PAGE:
Flexing, clear computer components
In an augmented world, you may well have one or more of three distinct types of computer interface on, or even in your body. There are augmenting reality devices, prosthetic components, and direct-wired virtual reality interfaces. All three share aspects in common. Among them, that they all require considerable computing power as close to the implant as possible.
Another is that if they are to interface directly with soft tissue, they should be able to bend and flex, twist and deform just like that soft tissue does, and still function. Thirdly, they should be transparent wherever possible, so that they are not obstructing the view of organs behind them.
These three challenges still loom over implanted electronics, but there are signs that things are changing for the better.
Recently, at time of writing anyway, the US National Institute of Standards and Technology (NIST) proclaimed success at creating a key computer component that fits all three requirements.
An inexpensive, bendable, flexible memory microchip was the proud item they had created. Its still not ready for market - just a low power proof of concept really, but it marks a turning point in embeddable systems. If microchips can be created that can be squeezed, stretched, twisted, and still function, as the NIST chip can, then for the first time we have true hope of en situ complete computing devices.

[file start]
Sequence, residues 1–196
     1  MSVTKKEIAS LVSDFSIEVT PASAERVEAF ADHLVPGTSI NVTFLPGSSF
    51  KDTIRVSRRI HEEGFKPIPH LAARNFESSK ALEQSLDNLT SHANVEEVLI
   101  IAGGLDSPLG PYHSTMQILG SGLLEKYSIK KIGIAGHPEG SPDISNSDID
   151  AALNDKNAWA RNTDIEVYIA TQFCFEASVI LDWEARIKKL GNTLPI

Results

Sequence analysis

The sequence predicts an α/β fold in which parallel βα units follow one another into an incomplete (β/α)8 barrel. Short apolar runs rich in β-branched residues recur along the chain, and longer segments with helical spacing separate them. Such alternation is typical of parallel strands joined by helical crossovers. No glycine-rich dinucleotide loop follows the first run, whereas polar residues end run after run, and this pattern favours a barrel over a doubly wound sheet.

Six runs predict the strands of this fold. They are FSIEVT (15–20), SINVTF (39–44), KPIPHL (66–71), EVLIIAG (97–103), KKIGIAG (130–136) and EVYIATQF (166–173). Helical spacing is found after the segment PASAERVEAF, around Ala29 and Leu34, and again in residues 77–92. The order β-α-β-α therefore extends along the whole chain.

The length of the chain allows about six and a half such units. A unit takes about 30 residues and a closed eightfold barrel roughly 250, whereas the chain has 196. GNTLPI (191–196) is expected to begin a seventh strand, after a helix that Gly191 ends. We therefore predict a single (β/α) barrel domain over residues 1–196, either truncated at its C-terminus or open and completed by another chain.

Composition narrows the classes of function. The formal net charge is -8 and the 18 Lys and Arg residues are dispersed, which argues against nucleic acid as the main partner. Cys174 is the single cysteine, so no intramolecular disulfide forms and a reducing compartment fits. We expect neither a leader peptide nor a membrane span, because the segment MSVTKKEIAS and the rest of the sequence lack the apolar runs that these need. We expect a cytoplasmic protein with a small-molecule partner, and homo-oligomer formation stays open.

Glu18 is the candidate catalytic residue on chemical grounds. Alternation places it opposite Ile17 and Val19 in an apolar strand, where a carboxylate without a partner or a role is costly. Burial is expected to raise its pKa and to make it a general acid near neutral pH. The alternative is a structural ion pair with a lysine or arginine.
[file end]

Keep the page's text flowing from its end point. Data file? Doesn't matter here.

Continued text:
A network of these, connected by clear micro-wires could encircle the heart, as a pacemaker and electrical regulator, completely self contained. Prosthetic limb electronics could be scattered in both the original flesh and the prosthetic, seamlessly communicating between both - perhaps a more elegant system than the external targeted muscle re-enervation used today.
Construction of the chip
The researchers took polymer sheets-the sort that transparencies for overhead projectors are made from-and experimented with depositing a thin film of titanium dioxide on their surfaces. Instead of using expensive equipment to deposit the titanium dioxide as is traditionally done, the material was deposited by a sol gel process, which consists of spinning the material in liquid form and letting it set, like making gelatin. By adding electrical contacts, the team created a flexible memory switch that operates on less than 10 volts, maintains its memory when power is lost, and still functions after being flexed more than 4,000 times.